As general election nears, Liu opens campaign office
by Benjamin Fang
Oct 10, 2018 | 1039 views | 0 0 comments | 78 78 recommendations | email to a friend | print
State Senate candidate John Liu with two supporters at his new campaign office.
State Senate candidate John Liu with two supporters at his new campaign office.
Come Tuesday, November 6, voters in northeast Queens will see four names on the ballot for the 11th Senate District.

John Liu, who topped incumbent Tony Avella in September, will be on the Democratic line. Vickie Paladino, who defeated Simon Minching, will represent the Republicans.

But despite their loses, Avella and Minching will also appear on the ballot. Avella secured the Independence Party and Women’s Equality lines, while Minching will be the Conservative Party nominee.

Liu, a former city comptroller and councilman, isn’t phased by the competition. As he kicked off his general election campaign in Bayside on Friday, Liu repeatedly said “the more, the merrier.”

“A four-person field makes my strategy a lot easier,” he said at his campaign office opening. “This is a Democratic year. Democratic voters and independent voters who are Democratic-minded are energized.

“They are galvanized, they are pissed off,” Liu added. “They’re going to come out to vote in large numbers to voice their protest against what’s happening in Washington, and to work toward making New York the true blue state that it is.”

Still, the Democratic nominee is not taking anything for granted. He enlisted the help of more than 100 community members and supporters, who showed up to his campaign kickoff, joining a dozen elected officials.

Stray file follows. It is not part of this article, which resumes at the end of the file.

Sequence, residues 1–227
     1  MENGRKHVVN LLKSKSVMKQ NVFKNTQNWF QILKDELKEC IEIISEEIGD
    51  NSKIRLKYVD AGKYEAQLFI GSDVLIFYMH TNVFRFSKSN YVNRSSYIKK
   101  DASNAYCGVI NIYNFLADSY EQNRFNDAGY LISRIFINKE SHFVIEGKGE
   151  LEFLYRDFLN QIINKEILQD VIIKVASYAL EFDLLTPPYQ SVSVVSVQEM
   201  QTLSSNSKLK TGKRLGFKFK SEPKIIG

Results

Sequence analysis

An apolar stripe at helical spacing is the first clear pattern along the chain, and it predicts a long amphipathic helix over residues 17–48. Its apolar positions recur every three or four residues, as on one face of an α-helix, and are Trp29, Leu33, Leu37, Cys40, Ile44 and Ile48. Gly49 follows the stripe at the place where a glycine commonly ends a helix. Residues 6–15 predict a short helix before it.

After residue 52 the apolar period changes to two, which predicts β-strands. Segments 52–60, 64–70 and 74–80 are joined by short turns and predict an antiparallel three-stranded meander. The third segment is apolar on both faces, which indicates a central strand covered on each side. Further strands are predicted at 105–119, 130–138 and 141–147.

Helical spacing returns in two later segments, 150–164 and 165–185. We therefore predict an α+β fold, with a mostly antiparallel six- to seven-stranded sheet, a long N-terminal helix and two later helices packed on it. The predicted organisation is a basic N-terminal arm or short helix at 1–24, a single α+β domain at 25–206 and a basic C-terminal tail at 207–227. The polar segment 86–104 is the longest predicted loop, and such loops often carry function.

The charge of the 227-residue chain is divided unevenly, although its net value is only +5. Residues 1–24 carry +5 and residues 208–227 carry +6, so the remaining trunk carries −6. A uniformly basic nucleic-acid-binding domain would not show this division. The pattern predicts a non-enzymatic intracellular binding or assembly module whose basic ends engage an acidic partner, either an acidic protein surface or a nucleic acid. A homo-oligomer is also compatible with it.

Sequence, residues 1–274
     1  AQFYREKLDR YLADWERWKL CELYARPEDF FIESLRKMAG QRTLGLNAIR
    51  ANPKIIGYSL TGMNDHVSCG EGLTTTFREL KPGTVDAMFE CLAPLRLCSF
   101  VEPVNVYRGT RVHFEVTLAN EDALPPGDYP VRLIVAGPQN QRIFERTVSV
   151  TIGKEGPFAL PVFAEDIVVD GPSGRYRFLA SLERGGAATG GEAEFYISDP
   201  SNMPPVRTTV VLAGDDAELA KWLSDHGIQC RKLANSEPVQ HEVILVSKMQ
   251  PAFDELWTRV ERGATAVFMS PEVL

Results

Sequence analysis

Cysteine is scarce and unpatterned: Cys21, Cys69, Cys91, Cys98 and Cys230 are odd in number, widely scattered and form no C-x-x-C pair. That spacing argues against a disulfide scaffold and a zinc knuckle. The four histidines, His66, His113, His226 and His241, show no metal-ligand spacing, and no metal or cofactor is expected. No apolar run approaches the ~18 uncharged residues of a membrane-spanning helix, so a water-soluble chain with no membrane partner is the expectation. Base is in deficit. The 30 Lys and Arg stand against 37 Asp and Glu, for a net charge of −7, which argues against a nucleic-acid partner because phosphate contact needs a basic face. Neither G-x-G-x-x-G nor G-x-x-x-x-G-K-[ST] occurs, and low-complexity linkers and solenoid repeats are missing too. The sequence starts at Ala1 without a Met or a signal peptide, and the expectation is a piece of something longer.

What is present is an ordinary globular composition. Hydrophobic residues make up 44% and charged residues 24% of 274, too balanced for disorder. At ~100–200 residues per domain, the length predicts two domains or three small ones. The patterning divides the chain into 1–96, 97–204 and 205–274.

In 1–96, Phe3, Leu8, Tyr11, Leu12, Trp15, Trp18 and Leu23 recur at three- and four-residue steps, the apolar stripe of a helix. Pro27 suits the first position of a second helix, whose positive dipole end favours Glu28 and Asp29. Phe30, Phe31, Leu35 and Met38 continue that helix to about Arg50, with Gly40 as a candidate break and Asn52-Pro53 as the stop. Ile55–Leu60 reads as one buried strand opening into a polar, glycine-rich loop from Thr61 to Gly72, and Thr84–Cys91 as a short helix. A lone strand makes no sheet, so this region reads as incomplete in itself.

“There’s too much at stake, I’m not leaving anything to chance,” Liu said. “We have to campaign really hard. I’ll be out there knocking on doors and calling people.”

Bayside Assemblyman Edward Braunstein, who faces his own Republican opponent, said he wants Liu in the State Senate to help pass gun reform, increase education funding, and fight for the Reproductive Health Act.

“We’ve been frustrated year after year because it’s passed in the Assembly but not the Senate,” he said.

Liu, who launched his campaign late in the summer but capitalized on the grassroots energy sweeping the Democratic Party, said they already saw “a tremendous spike in turnout” for the primary.

“I have every expectation that that spike will also manifest itself on November 6 in the general election,” he said.

On Monday, Avella announced in a statement that he will continue his campaign for re-election. Families for Tony Avella, a local group of supporters, has already hosted a rally asking Avella to run again.

“Although I was disappointed in the results of the Democratic Primary, I have been astounded by the level of support I have received since then from all aspects of our community,” Avella said. “They and others from all political perspectives have asked me not to give up the fight but to continue to campaign for them.”

The incumbent said his supporters feel Paladino lacks government experience and knowledge on local issues. He also blasted Liu as “disgraced and scandal ridden.”

Avella urged all of his supporters to vote for him on the Independence Party or Women’s Equality Party lines.

“Our future quality of life depends on it,” he said.
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